Press releases

UFT and DOE reach agreement on ATRs

For immediate release

New measures create financial incentives to hire ATRs

UFT President Randi Weingarten and Schools Chancellor Joel I. Klein on Nov. 18 finalized an agreement designed to improve the placement processes and procedures for teachers and other UFT personnel in the Absent Teacher Reserve (ATR). Teachers whose positions have been eliminated — for example, when a school closes — and who are not able to find regular positions are placed in the ATR pool and work as full-time substitutes. The agreement, which was approved unanimously by the UFT Executive Board on Nov. 18, creates substantial financial incentives for schools to hire teachers, guidance counselors, social workers and attendance teachers from the ATR pool. In addition, Chancellor Klein will urge principals to fill vacancies with personnel from the ATR pool before considering other candidates. This agreement does not call for the forced placement of any personnel.

[Read the Memorandum of Agreement]

“This is a terrific agreement,” said UFT President Randi Weingarten. “These experienced and qualified people have essentially seen their careers put in a holding pattern due to student enrollment patterns or the closing of schools. They have been struggling to find permanent jobs in large part because schools have been opting for less experienced personnel at lower salaries. By eliminating the financial obstacles, we should see more ATRs being permanently placed, which will be good for children and save the school district money. This is an agreement worth trying, particularly with these troubling economic times.”

“Today’s agreement with the UFT creates incentives that encourage principals to voluntarily hire qualified teachers in the ATR pool to fill school vacancies, thereby reducing the cost to the City of maintaining excessed teachers on the payroll,” Chancellor Klein said. “This agreement is part of our very serious effort to minimize cuts to schools and classrooms during these hard economic times. At worst, if no additional teachers are hired from the ATR pool, it’s cost neutral. At best, if principals find qualified teachers in the ATR pool to fill vacancies in their schools, it could save us millions of dollars. And, importantly, it preserves principals’ right to choose the teachers in their schools. While we continue to believe that teachers in the ATR pool should not be permitted to stay on the payroll indefinitely, this agreement represents a needed step forward.”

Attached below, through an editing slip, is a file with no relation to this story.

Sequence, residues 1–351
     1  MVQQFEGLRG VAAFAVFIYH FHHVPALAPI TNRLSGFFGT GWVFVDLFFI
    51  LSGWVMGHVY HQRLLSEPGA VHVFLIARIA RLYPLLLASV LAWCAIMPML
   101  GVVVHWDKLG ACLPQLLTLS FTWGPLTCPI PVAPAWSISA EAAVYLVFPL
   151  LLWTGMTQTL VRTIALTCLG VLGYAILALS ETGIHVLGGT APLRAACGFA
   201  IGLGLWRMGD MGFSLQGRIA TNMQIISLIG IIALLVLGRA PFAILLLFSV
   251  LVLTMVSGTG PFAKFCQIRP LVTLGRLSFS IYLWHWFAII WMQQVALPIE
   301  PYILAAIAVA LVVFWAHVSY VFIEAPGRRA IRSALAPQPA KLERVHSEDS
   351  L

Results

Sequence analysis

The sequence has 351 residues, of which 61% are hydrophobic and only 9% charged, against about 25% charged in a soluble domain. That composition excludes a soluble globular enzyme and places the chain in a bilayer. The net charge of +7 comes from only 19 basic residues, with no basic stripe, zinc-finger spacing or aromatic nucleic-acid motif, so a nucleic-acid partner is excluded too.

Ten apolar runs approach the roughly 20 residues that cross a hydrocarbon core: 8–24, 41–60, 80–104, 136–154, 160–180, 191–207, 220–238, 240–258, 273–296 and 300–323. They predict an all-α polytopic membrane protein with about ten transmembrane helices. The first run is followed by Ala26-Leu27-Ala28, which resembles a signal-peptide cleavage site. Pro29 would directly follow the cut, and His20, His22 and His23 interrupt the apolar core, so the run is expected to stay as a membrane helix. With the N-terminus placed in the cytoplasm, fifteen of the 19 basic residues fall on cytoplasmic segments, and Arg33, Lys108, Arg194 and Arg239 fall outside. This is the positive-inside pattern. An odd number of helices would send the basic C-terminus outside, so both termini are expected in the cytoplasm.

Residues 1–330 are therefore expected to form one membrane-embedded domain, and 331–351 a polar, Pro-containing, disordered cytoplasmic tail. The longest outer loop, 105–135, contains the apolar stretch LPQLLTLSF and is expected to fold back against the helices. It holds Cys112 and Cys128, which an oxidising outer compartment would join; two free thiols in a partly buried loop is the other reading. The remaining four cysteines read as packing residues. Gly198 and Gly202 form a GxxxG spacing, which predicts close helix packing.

Under the terms of the agreement, schools that hire one of the educators in the ATR pool after November 1 of each calendar year will receive two subsidies. The Department of Education (DOE) will pay the difference between the ATR’s actual salary and the salary of a starting teacher, and then, in subsequent years, will continue to pay the difference between the actual salary and the subsequent steps on the salary scale. This subsidy will terminate once the excessed employee has been in the position for eight years. The DOE will also give schools that hire an ATR an additional lump sum equal to half of a new hire’s salary.

Principals who are willing to hire ATRs but not permanently place them can instead hire ATRs on a provisional basis. In those cases, schools will pay the educators’ actual salaries. If a principal and ATR decide the ATR should be placed permanently, the school will receive the subsidies. If the ATR is not permanently placed, the ATR will return to the ATR pool at the end of the school year.

After one year, the DOE and UFT will evaluate whether this agreement is benefiting schools.

“I am pleased that the DOE and the UFT were able to work together and find common ground on this critical issue of reducing the number of unplaced excessed teachers,” Chancellor Klein said. “I expect principals will actively and in good faith first consider qualified candidates in the ATR pool when filling open positions.”

“I want to thank the ATRs who have continued to press this issue and all of the teachers who took part in the ‘Let Us Teach’ campaign,” said Weingarten. “By using the ATR pool to fill vacancies, millions of dollars can be saved and thousands of kids get the benefit of these great educators. This is a solution that works for everyone.”

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